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The plain English guide to writing letters

Setting out your letter

As everyone always says, a letter needs a beginning, middle and end. Much of the time, your letter should start 'Thank you for your letter of 15 April' and certainly not 'I acknowledge receipt of...', 'I am in receipt of...' or 'Further to your recent....'.

The middle will be your points, answers and questions in a logical order. If it is a long letter, you may be able to break it up using sub-headings. Use paragraphing throughout, generally averaging about three or four sentences to each paragraph.

The end does not normally need to be a summary. A suitable final sentence might be 'I hope this has answered your questions', 'Thank you for your help' or 'If you have any questions, please ring me.'

Some of the suggestions in this guide may be very obvious to you while others may go against your own style. They are only suggestions.

The date

It is now common practice to write the date as 7 July 2002 instead of 7th July 2002.

The greeting

If you are on first-name terms with the reader, use 'Dear Jane'. Otherwise use 'Dear Mr Smith', 'Dear Miss Smith' or, if you are writing to a woman and don't know which title she prefers, use 'Dear Ms Smith'. If you don't know the person's name, use 'Dear Sir', 'Dear Madam' or occasionally 'Dear Sir or Madam'.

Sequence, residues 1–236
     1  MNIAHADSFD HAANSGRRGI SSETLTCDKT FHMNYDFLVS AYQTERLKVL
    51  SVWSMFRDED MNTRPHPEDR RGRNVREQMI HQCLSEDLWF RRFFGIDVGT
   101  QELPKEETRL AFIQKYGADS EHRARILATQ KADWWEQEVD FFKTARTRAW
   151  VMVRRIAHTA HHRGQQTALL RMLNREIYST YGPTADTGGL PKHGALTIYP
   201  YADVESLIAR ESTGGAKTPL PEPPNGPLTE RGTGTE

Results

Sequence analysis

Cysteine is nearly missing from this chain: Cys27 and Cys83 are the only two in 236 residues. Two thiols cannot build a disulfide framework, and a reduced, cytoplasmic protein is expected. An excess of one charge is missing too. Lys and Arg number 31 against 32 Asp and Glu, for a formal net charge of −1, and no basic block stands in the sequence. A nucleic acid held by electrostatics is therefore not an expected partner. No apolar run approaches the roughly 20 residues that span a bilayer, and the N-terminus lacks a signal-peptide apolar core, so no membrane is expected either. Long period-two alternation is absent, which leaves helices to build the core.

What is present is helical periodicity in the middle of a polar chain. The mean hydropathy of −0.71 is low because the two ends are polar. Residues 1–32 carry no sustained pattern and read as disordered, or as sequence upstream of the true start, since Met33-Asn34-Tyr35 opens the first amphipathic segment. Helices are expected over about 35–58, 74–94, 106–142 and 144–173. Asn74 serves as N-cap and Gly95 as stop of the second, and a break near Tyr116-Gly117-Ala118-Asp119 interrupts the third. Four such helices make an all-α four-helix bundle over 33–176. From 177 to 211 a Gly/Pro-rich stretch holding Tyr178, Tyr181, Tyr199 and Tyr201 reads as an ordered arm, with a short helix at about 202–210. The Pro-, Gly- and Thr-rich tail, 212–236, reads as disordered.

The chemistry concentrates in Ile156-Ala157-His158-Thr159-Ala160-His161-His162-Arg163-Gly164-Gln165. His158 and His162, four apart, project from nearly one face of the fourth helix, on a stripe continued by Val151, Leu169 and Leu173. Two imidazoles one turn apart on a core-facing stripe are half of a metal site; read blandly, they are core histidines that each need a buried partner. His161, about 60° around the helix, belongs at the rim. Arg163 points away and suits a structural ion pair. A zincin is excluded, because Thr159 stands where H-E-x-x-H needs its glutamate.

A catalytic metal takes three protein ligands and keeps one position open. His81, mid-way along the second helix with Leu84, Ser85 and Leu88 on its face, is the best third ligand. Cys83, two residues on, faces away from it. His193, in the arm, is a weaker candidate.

These are not usually necessary. However, if you are going to use one, don't use all capitals: just put the heading in bold. And don't use 're'.


Don't put commas after:

  • each line of the address;
  • the greeting (Dear Jane); or
  • the ending line (Yours sincerely).

Also, you don't need full stops in initials - Mr P D Smith, the DSS and so on.


If you used the name of the person at the start of the letter then end with 'Yours sincerely'.

Otherwise end with 'Yours faithfully'.

If you have a more familiar relationship with the reader then choose whatever ending would be more appropriate ('Kind regards', 'Best wishes', 'Yours truly' and so on).

Contact point

Make sure that your letter clearly says which person the reader should contact and how, with any extension number if necessary.

Emphasising words

If you want to emphasise something, use bold type. Don't use long strings of capital letters as they are unfriendly and many people find them much harder to read.

Checking your letter

Always read your letter when you have finished.

Check that:

  • you have said everything you wanted to;
  • you have answered any questions you had to;
  • you have been helpful and polite; and
  • the letter is clear and concise.


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